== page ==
Also try your local area for Makerlabs / Fablabs - it's free or very very low cost and a good way to use the technology while developing your railway.
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Old 07-18-2020, 05:40 AM   #8 (permalink)
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I thought you might be interested in my experience as a data point. I build models in G1 and occasionally G3 of early prototypes that, mostly, haven't been modelled before using contemporary sources. I use SLS Nylon and the models are built in one piece, apart from moving parts and details. The nylon material is extremely robust and suitable for complete boiler, frame, footplate and chimney as a single component with 1mm wall thickness - like an eggshell, but very strong.

One reason for the one piece technique is that nylon doesn't take glue! These are working models, frequently run at shows (remember those?) and have survived numerous escape attempts involving diving to the floor, ety.. One even had a full size lifebelt (don't ask how this happened!) fall on it with modest damage, where a traditional brass model would have been stove in.

The limiting factor with these models is surface finish, which in SLS nylon is a granulation similar to 200 grit glass paper. However, this does fill with multiple thin aerosol coats (the aerosol car paint takes very well to the slightly porous texture of the nylon) and is acceptable for surfaces like smokeboxes. For high quality finishes I use photo paper and now ink jet printed vinyl which conveniently takes care of lining and lettering in many cases.

Note that wheels are always SLS Nylon with no issues of eccentricity and adequate strength, even with very early prototypes. All the models are tender drive to leave the locomotive free for working motion, all made in Nylon with a ruling thickness again of 1mm, and all use a low voltage helical drive powered by a single cell phone battery. The only metal components are carrying axles which are too flimsy at 1/8" diameter, although crank axles are always printed.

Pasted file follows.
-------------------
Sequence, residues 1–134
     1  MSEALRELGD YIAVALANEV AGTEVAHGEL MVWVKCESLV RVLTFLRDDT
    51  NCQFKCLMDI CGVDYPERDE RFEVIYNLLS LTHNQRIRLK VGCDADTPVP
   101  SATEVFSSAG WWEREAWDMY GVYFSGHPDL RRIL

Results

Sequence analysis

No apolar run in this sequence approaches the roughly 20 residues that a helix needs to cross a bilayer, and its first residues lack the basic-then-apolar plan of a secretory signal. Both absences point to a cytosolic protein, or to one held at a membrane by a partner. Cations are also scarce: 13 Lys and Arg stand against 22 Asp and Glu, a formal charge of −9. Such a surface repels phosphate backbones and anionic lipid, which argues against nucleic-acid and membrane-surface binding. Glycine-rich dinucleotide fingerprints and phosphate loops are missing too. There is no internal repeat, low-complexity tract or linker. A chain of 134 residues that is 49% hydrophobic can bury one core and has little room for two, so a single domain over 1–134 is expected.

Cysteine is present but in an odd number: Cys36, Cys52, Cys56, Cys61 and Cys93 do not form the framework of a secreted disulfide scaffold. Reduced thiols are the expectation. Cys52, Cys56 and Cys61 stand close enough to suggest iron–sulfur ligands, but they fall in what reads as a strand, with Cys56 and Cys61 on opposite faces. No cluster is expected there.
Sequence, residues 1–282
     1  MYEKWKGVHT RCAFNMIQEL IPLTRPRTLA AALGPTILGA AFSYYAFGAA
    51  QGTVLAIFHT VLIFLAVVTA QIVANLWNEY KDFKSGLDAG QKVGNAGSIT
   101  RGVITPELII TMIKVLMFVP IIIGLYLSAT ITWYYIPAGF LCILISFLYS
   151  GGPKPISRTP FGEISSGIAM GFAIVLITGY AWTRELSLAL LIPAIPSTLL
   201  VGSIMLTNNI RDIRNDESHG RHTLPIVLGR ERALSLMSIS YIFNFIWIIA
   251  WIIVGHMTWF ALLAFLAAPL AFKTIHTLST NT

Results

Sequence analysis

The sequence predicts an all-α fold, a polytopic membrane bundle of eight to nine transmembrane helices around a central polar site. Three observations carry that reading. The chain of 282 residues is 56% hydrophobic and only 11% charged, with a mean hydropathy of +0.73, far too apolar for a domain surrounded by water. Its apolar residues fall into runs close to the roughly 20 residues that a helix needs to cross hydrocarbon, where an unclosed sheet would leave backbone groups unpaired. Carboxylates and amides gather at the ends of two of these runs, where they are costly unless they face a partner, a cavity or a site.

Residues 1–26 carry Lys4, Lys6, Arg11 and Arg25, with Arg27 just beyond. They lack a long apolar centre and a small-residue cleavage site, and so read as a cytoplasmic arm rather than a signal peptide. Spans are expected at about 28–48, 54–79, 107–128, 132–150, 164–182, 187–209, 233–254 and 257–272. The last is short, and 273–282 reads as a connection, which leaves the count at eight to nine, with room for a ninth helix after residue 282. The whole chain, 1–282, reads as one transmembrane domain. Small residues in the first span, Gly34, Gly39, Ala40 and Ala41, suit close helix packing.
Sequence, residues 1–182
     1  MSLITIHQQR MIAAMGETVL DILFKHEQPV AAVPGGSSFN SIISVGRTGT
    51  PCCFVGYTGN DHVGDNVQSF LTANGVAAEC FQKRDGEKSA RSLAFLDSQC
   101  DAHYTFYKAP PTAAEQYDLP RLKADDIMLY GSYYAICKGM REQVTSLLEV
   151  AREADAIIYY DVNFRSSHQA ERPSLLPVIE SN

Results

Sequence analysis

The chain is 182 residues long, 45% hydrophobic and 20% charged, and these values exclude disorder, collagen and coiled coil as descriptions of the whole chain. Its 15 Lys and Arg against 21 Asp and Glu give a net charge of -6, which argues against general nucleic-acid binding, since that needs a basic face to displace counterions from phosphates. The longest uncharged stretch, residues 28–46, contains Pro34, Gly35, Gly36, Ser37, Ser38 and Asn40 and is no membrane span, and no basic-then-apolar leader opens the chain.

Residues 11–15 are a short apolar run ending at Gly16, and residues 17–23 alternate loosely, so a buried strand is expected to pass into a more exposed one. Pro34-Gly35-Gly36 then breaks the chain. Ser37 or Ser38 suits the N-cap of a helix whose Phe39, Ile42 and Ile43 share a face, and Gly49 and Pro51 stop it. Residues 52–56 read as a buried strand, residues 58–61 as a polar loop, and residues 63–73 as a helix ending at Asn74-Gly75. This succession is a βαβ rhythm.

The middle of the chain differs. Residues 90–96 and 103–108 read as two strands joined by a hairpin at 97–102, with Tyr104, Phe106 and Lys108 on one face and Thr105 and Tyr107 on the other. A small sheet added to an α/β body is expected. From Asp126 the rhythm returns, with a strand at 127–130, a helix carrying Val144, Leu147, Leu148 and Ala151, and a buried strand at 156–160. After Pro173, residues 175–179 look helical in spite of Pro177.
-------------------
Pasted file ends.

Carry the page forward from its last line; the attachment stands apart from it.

The oldest models are approaching 10 yrs and show no sign of 'creep', distortion, or material degradation. Left unpainted, the material does yellow over a number of years, which may suggest chemical changes and embrittlement, but so far no deterioration in mechanical properties has been noted. I built these models to outlast me (!).

SLS is not yet a home printing technology and so most of the models are printed by Shapeways. Other printing houses offer SLS but tend to go quiet when they see the size and complexity of the models. This is an expensive way to produce a model locomotive, although overall, and accepting the surface finish issues, ends up at a price point not too different to other types of kit. For me, it was the only way to get a significant roster of largely forgotten and rarely modelled mid-Victorian prototypes.

Hope that's of interest and best regards, David Viewing

PS I couldn't work out how to embed pics in this forum. If someone can help me out with this, I'll be happy to illustrate the above! I have been able to attach an image showing a brace of 'Sharpies' in 10mm scale G1: 'Odin' is a model of the Danish Railway Museum's brand new operating replica, and 'Sphynx' (apparently in icing sugar, but actually nylon) is built from an original drawing (in exquisite detail) in DK Clark's 'Railway Machinery', published 1855.
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Old 07-18-2020, 12:11 PM   #9 (permalink)
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Quote:
PS I couldn't work out how to embed pics in this forum.
You've done the hard part - attaching a photo. Go and edit your post in 'advanced' mode, right click on the attachment link and 'copy link location', then use the "insert image" icon (yellow box with hills in it) and paste the link. Like this:



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Old 07-18-2020, 02:39 PM   #10 (permalink)
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I saw where that guy also has files to print some cars, crates, drums, and track on that site. The cars have buffers, so must be European, but a little saw work would fix that.

Doug